"Good point," exclaimed Mr. Mitchel. "You have your wits about you to-day, Mr. Barnes. Now tell us what you have learned in corroboration of your theory."

"Lumley is in love with Miss Hetheridge. Up to a few hours ago, he was a clerk, upon a salary not sufficient to permit him to marry. Curiously enough, for one would hardly have thought him so foolish, when he left this house he went direct to his employer and resigned his position. Next, I traced him to a business agency, where he obtained an option to purchase a partnership in a good concern, agreeing to pay five thousand dollars for the same."

"Five thousand dollars! About one thousand pounds," said Mr. Mitchel, thoughtfully.

"The scoundrel!" cried Mr. Van Rawlston. "Undoubtedly he is the thief. I trust you have arrested him, Mr. Barnes?"

"No. He left the city by a train leaving the Grand Central an hour ago."

"Track him, Mr. Barnes. Track him to the end of the earth if necessary. Spare no money. I'll pay the expense." Mr. Van Rawlston was excited.

"I do not know his destination," said the detective, "but, fortunately, the train is a 'local,' and he cannot go far on it. I will do my best to catch up with him. But no time is to be lost."

As he hurried out, Mr. Mitchel shouted after him:

"Luck, and the Devil go with you, Mr. Barnes." Then, turning to Mr. Van Rawlston, he continued: "After all, shrewd detective though he be, Mr. Barnes may be on the wrong scent. The note may still be in this house. I do not like to say in this room, after your thorough search. Still, if it could be managed, without the knowledge of Eggleston and Miss Hetheridge, I would like to remain here to-night."

"You wish to make a search yourself, eh? Very good. I will arrange it. By the way, I should tell you that there is to be an auction here to-morrow. Eggleston had arranged a sale of his library before his sudden death, and as the date was fixed and the catalogues sent to all possible buyers, we have thought best to allow the sale to proceed. This being the library, you will see the necessity for settling this mystery before to-morrow, if possible."

"A crowd coming here to-morrow? Excellent. Nothing could be better. Rest easy, Van Rawlston. If Barnes does not recover the bank-note, I will."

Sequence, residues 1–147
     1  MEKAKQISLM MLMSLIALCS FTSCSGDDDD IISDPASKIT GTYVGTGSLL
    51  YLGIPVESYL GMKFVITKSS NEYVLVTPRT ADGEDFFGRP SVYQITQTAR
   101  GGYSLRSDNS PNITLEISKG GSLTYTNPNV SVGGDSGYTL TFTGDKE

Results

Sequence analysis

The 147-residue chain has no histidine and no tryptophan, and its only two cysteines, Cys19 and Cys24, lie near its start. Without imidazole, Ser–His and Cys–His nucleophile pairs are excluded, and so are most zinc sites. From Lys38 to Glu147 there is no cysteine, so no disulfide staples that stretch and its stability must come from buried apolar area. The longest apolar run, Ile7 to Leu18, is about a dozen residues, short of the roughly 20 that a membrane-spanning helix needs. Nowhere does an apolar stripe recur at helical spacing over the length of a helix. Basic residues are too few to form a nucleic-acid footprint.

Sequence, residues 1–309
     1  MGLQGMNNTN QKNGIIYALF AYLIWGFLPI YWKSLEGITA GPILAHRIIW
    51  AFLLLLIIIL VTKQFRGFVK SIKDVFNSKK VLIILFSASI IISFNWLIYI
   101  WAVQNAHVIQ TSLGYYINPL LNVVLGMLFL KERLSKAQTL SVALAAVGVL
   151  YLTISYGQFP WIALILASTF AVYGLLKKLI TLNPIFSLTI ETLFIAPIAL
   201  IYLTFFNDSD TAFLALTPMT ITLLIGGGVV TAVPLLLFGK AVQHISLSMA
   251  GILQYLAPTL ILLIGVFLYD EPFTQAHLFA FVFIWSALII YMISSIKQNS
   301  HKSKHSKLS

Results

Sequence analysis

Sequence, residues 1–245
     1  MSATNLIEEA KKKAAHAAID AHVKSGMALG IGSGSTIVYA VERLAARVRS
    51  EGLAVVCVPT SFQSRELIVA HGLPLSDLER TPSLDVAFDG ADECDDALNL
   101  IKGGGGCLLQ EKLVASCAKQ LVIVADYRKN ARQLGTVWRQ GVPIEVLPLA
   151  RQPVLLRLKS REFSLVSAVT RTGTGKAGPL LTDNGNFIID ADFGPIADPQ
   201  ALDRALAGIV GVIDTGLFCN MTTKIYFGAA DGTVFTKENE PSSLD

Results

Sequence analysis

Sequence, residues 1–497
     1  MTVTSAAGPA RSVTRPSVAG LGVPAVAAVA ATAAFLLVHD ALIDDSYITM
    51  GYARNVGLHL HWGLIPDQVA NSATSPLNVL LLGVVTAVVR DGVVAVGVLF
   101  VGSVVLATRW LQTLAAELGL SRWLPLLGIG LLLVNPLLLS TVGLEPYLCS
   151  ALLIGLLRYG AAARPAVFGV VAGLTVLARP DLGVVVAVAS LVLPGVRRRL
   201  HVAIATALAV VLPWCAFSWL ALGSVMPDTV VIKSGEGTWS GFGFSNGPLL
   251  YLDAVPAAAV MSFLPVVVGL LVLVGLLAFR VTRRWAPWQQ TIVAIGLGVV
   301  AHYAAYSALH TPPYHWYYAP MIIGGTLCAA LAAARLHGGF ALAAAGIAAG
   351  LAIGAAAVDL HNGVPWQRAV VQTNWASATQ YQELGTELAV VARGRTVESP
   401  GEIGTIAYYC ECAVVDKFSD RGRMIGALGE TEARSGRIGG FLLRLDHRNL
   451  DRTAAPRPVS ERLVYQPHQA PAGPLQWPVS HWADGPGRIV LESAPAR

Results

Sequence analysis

It was already nine o'clock in the evening, and Mr. Van Rawlston decided to go to his own home. Upon inquiry he learned that Eggleston was not in the house, and that Miss Hetheridge was in her room. He dismissed the servant, and locked Mr. Mitchel in the library. Next he went up-stairs to Miss Hetheridge, told her that he had thought best to lock the library door, and bade her good-night. Passing out to the street, he handed the door-key to Mr. Mitchel through the front window.

Left thus alone in a strange house, Mr. Mitchel dropped into an easy chair and began to analyze the situation. He did not light the gas, as that would have betrayed his presence, but the glowing grate-fire shed light enough for him to see about him.

Mr. Eggleston had amassed a great collection of books, for the library was a long room occupying the whole of one side of the house, the parlors being on the opposite side of the hallway. Windows in front overlooked the street, and at the back opened upon a small yard. Just below these back windows extended a shed, the roof of an extension, which served as a laundry.

Mr. Mitchel went over in his mind the incidents which had been related to him, and two of his conclusions are worthy of note here:

"Barnes argues," thought he, "that Lumley may have taken the bank-note before he knew that it had been bequeathed to his sweetheart. But the same holds good with the girl herself, and might well explain her stealing what was really her own property. That is one point worth bearing in mind, but the best of all is my scheme for finding the note itself. Why should I trouble myself with a search which might occupy me all night, when by waiting I may see the thief take the note from its present hiding-place, always supposing that it is in this room? Decidedly, patience is a virtue in this instance, and I have only to wait."

A couple of hours later, Mr. Mitchel started up from a slight doze, and realized that he had been disturbed, though at first he could not tell by what.

Then he heard a sound which indicated that someone was fitting a key into the lock. Perhaps the thief was coming! This thought awakened him to his full faculties, and he quickly hid among the folds of some heavy draperies which served upon occasion to divide the room into two apartments. The door opened, and he heard the stealthy tread of soft footsteps, though at first the figure of the intruder was hidden from his view by the draperies which surrounded him. In a few moments his suspense was at an end. A young woman, of girlish figure, passed by him and went over to the fireplace. She was in a dainty night-robe, her long black hair hanging in rich profusion down her back. She leaned against the mantel, and gazed into the fire without moving, for some minutes, and then turning suddenly, crossed the room, going directly to one of the book-shelves. Here she paused, then took down several books which she placed upon a chair near by. Her back was towards Mr. Mitchel, but he could see her reach into the recess with her arm, which was bared by the act, the loose sleeve of her gown falling aside. Then there was a clicking sound just perceptible to the ear, and Mr. Mitchel muttered to himself: